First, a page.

Tail Bone Pain

Ross Hauser, MDRoss Hauser, MD

A question about Prolotherapy for tail bone pain

I have been in chronic burning pain in the tailbone/rectal area ever since I overstrained my low back and then had a complete hysterectomy. This has been about 2 years. After the hysterectomy a MRI has shown a prolapsed internal muscle wall possibly pushing against the levator ani. Anyway, there is a horrible burning/tingling pain in the whole sit down area that makes me feel like I’m going to pop.

I have had two prolotherapy treatments where the results did not last more than a couple days and I really don’t know if they helped at all.

Prolotherapy for the pelvic region

Answer: Most of the time this condition is caused by the perineal muscles contracting against an unstable base. We typically contract the muscles around the anus when we have a bowel movement, obviously, but also when we sneeze, cough or contract our abdominal muscles (like when we lift up from the laying down position. Remember muscles have power when they contract against a stable base. The perineal muscles specifically attach to the pelvic bones including the ischial tuberosity, coccyx and pubis. If the pubic, sacrococcygeal, sacrotuberous, sacroiliac, or iliolumbar ligaments are lax, stretched or injured, the perineal muscles can go into spasm. This causes burning rectal pain especially upon the valsalva maneuver (sneezing, coughing) or when having a bowel movement.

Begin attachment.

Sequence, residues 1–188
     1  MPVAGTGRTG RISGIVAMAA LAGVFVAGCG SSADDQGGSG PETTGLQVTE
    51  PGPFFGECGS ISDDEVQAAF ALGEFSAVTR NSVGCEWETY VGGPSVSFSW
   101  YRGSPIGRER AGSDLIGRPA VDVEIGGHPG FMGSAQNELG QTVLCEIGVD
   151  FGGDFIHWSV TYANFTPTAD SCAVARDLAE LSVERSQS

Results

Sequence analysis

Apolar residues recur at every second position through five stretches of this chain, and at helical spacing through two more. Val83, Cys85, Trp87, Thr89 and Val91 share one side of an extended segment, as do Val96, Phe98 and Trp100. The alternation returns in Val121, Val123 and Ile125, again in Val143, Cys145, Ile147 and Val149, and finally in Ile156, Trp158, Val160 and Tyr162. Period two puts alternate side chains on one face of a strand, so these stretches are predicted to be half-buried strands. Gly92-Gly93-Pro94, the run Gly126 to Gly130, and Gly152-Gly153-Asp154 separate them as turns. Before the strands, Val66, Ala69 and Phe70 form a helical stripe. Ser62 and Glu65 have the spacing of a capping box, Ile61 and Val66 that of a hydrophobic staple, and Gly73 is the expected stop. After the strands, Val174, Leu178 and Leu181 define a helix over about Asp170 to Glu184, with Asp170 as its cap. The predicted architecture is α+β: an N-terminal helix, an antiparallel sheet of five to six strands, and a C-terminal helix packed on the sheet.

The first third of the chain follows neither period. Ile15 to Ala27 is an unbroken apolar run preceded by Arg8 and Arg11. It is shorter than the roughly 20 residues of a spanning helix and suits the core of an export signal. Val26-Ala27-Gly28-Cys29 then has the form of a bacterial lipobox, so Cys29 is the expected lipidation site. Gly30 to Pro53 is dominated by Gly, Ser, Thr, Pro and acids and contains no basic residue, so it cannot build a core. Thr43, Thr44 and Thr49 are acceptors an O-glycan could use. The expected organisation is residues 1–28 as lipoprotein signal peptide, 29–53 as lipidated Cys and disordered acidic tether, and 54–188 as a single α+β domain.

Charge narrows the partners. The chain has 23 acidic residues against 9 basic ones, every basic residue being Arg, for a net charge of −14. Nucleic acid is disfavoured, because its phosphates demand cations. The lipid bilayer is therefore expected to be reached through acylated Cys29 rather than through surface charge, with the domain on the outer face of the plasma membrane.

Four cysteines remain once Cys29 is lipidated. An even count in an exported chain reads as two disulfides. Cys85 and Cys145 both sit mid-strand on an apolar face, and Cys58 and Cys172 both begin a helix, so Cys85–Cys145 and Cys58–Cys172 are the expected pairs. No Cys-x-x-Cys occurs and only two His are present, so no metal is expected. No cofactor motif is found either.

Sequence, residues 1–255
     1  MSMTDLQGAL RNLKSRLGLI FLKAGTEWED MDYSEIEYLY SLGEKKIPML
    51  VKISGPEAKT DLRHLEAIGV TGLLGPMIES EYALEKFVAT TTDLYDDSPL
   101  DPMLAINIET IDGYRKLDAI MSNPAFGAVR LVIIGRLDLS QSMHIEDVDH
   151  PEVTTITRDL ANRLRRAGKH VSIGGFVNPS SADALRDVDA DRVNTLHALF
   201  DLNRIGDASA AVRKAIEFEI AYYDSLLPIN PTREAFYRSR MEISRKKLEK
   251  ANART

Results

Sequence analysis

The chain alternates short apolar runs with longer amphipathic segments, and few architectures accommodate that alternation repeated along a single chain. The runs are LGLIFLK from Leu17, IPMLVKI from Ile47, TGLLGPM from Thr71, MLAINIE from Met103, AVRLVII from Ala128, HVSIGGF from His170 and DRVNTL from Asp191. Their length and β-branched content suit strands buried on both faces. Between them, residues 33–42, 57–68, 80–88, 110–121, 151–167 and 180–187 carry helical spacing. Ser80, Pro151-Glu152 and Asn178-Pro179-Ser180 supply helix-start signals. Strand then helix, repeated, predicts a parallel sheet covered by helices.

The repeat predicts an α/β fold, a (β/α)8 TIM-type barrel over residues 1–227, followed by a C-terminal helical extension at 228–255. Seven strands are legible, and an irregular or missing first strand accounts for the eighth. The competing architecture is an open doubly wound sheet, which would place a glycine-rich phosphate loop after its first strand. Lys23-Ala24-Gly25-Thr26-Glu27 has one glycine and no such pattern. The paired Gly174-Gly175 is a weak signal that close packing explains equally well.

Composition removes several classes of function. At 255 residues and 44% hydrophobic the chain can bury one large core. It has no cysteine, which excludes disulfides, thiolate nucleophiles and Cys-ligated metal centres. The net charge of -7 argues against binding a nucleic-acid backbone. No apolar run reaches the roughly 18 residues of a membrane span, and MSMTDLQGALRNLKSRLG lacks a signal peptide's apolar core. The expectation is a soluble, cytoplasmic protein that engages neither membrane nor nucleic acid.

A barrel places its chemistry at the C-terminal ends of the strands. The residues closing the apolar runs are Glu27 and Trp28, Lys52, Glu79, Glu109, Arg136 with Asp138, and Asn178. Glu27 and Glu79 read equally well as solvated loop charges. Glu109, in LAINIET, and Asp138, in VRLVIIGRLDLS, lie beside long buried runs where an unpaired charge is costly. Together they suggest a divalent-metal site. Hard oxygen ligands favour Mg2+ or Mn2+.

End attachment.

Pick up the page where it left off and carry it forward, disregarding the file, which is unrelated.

Prolotherapy and Neural Therapy

If this seems to describe you then you need to have the above areas evaluated and treated by Prolotherapy. When in doubt at Caring Medical we treat all the areas. If the pain seems to be tied to an operation such as the hysterectomy you had then we would do Neural Therapy (see also Prolotherapy and Neural therapy) into your hysterectomy scar and treat the autonomic nerves in the area. We do this by doing nerve blocks into the pelvic sympathetic ganglion. This has the effect of shutting them off for an hour or two and often when they turn back on they function more normally. In summary, burning rectal pain is common. People suffer from this condition for years because the underlying cause of the condition is not addressed. Potential causes include injury to the pubic, sacrococcygeal, sacrotuberous, sacroiliac or iliolumbar ligaments. When these ligaments are strengthened by Prolotherapy, the perineal muscle spasms cease. Sometimes the condition is perpetuated by autonomic nerves firing. To treat these neural therapy to a surgical scar or nerve blocks are given into the pelvic sympathetic ganglion. Over the course of the last 13 years, Caring Medical in Oak Park have treated many patients with burning rectal pain by this approach. In our experience this approach has been extremely successful.

Answer by Ross Hauser, M.D.


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